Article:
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Making Canadians

Who can and cannot be a dual national, as well as the joys and frustrations accompanying that status. Includes ROC Passport and Military Conscription issues
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Re: Making Canadians

Postby navillus » 05 Sep 2009, 23:59

Mordeth wrote:
But I hear you should get the Canadian certificate ASAP, because if you wait too long they grow suspicious. A friend of mine waited until his daughter was 2....and they told him that he waited too long and are demanding all sorts of extra proof/paper work.



Things may have changed but I waited until my daughter was three (in 2006) and it went off without a hitch.
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Re: Making Canadians

Postby Mordeth » 06 Sep 2009, 11:32

navillus wrote:
Mordeth wrote:
But I hear you should get the Canadian certificate ASAP, because if you wait too long they grow suspicious. A friend of mine waited until his daughter was 2....and they told him that he waited too long and are demanding all sorts of extra proof/paper work.



Things may have changed but I waited until my daughter was three (in 2006) and it went off without a hitch.


Things have changed. And there's a new law which is probably covered in another thread. That if your Taiwan born child has a child in Taiwan....then that child is in no way shape or form.....Canadian. He has to apply for citizenship just like any other Taiwanese person.
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Re: Making Canadians

Postby Jaboney » 06 Sep 2009, 11:39

I think you've misunderstood that law. (It's been covered elsewhere.)
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Re: Making Canadians

Postby MotorcycleRider » 26 Oct 2009, 11:32

Question to those who went to apply for your kids' Canadian citizenship certificate and passport at the same. I was filling out the application form for the passport application but noticed a problem. In section 4 of the form it asks you to write down your child's citizenship certificate number, but of course he/she has not been given one yet. So how does it work. Do the people at the Canadian Trade Office in Taipei let you leave it blank? Or is this something new, where we will need to wait for the citizenship certificate to be approved first before we can apply for the passport. Thanks for any replies in advance.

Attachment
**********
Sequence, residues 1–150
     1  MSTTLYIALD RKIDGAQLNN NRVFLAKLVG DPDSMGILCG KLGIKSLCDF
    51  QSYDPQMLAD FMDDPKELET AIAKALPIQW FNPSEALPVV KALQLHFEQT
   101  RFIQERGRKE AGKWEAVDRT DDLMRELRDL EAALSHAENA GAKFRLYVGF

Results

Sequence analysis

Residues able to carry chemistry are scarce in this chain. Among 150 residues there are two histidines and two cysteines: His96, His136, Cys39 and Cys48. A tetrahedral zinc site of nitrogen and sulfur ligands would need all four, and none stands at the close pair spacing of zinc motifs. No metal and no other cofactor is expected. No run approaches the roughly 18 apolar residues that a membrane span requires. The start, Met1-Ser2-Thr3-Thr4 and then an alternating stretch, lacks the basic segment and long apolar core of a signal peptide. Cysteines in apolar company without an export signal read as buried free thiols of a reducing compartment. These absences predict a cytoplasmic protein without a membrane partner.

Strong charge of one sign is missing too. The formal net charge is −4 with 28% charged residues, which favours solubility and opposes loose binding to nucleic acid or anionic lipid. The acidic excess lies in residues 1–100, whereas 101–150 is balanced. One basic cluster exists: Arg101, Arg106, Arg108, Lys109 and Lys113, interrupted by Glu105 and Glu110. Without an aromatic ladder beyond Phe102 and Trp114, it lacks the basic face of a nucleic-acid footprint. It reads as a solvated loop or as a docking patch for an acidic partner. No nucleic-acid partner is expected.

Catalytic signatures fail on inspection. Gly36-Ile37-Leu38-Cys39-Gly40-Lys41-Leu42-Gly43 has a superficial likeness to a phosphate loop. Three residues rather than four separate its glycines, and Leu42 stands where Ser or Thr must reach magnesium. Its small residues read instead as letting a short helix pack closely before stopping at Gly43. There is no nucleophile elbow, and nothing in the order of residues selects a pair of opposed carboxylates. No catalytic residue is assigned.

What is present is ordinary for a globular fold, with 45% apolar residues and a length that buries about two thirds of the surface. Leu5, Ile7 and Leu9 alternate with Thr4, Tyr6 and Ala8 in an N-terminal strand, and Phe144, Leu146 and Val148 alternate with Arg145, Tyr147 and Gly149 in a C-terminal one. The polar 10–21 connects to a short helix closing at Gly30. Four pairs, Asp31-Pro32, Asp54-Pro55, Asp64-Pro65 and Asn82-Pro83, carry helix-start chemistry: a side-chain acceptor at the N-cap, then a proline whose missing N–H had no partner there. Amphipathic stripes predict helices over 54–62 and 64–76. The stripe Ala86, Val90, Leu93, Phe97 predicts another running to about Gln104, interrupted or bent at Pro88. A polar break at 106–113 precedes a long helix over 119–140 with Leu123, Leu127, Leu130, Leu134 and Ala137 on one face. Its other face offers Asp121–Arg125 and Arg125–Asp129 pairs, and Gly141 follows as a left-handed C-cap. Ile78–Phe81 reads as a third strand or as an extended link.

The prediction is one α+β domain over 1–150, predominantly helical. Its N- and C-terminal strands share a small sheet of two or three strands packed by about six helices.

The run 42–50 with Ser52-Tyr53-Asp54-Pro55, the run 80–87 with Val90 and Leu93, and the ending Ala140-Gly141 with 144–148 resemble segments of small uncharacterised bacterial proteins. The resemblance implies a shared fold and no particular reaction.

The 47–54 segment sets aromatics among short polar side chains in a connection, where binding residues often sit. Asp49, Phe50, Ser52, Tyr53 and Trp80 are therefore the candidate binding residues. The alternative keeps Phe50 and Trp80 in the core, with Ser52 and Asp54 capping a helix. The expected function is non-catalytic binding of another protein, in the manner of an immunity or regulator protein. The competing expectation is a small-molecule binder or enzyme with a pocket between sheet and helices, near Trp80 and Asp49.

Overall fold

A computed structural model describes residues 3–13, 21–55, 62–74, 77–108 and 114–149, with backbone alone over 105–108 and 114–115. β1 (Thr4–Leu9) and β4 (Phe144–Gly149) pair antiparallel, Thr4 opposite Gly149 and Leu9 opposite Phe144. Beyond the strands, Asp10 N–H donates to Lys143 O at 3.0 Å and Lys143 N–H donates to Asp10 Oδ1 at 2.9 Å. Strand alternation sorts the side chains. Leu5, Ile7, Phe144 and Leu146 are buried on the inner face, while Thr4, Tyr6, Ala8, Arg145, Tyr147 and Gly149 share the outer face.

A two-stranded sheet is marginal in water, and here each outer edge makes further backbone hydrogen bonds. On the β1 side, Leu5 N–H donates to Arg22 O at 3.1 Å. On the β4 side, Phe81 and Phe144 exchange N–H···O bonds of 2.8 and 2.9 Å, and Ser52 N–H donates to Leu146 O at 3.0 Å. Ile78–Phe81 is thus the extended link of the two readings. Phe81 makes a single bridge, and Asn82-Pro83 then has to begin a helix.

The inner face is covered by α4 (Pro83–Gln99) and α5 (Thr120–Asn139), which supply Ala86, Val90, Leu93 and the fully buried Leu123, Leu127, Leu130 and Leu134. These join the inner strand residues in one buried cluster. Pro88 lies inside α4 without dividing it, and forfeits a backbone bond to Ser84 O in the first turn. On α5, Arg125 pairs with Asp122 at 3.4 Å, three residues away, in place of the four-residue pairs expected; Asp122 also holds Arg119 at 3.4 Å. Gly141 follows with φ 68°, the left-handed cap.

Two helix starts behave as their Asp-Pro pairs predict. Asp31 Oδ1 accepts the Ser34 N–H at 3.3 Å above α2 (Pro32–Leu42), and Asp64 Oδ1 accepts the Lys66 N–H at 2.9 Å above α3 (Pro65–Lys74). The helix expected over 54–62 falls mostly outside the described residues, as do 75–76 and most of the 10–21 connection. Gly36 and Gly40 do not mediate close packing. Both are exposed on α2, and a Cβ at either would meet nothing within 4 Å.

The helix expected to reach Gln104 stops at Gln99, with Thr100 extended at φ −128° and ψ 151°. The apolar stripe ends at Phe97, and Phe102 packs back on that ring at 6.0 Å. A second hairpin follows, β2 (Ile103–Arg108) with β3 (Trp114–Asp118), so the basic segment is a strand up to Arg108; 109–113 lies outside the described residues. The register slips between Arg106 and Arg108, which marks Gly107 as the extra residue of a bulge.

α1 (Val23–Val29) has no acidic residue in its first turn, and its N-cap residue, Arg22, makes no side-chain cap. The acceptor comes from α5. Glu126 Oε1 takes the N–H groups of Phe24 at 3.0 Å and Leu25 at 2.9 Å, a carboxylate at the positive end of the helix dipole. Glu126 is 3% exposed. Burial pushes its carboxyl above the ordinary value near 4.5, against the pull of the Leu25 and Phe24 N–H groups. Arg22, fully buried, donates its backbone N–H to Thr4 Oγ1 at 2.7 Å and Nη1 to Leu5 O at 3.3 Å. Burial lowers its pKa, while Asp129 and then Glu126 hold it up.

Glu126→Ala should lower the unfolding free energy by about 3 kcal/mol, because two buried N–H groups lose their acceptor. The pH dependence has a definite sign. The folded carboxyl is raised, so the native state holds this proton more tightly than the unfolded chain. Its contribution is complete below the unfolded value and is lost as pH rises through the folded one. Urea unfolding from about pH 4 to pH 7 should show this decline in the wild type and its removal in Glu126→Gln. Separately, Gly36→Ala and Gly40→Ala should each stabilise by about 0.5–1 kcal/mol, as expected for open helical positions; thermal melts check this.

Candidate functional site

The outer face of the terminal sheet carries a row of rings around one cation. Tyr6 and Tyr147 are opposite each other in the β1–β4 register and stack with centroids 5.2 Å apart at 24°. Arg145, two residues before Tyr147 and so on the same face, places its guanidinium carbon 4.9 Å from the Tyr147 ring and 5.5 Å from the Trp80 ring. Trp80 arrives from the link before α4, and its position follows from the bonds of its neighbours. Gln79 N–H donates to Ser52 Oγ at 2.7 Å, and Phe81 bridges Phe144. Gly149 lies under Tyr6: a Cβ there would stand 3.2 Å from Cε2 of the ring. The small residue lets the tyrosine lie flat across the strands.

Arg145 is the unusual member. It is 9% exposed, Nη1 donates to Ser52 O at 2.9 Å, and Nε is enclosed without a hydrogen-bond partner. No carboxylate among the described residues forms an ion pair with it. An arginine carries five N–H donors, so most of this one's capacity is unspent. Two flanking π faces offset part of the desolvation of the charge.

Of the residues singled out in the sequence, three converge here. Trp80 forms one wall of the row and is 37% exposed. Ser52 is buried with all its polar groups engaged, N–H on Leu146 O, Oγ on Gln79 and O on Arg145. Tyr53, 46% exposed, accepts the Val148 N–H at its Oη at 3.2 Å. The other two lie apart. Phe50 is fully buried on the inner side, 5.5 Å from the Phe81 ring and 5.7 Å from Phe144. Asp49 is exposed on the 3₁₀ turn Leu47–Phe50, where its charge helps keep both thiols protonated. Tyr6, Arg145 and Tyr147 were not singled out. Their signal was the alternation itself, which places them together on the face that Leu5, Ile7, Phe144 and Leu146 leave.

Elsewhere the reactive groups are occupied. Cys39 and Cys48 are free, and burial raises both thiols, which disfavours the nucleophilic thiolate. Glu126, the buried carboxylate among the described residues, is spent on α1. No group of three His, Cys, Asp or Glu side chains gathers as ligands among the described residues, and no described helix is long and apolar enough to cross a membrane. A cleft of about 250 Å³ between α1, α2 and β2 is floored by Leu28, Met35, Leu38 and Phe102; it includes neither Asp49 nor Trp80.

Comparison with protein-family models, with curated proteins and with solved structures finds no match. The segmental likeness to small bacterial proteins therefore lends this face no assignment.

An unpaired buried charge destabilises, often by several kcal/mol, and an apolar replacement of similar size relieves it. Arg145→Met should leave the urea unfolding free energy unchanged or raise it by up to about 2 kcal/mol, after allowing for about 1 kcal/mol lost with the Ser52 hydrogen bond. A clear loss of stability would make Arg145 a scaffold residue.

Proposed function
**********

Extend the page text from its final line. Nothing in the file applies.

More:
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Re: Making Canadians

Postby navillus » 20 Nov 2009, 09:48

I was just looking at the TECO site and Mordeth is rigth it seems. This is posted there now...

NOTE: Passport applications for children over 2 years of age who still do not yet have proof of Canadian Citizenship will be considered on a case by case basis, with no guarantee of service.
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Re: Making Canadians

Postby 14_of_spades » 14 Apr 2010, 03:50

Maoman wrote:1. Dim the lights and turn on the music. Barry White is good, but YMMV.
2. :exclamation: :howyoudoin:
3. Wait nine months.
4. Once bun is out of oven, get an English Birth Certificate from the hospital.
5. Go to the Canadian Trade Office in Taipei. Their address is 365 Fuxing North Road, 13F, Taipei, and their telephone number is . They're open from 9:00 to 11:30 M-F. They're right across from the Zhongshan Middle School MRT Station. At the Canadian Trade Office pick up a Child Passport Application (for Canadians under 16 years of age) and an application for Canadian Citizenship Certificate. The passport will be issued before the citizenship is ready, so it's just a 1 year, non-renewable passport. The passport takes 15 working days to process, and the citizenship takes up to 13 months, although they say recently many applications have been processed in as little as 6 to 7 months.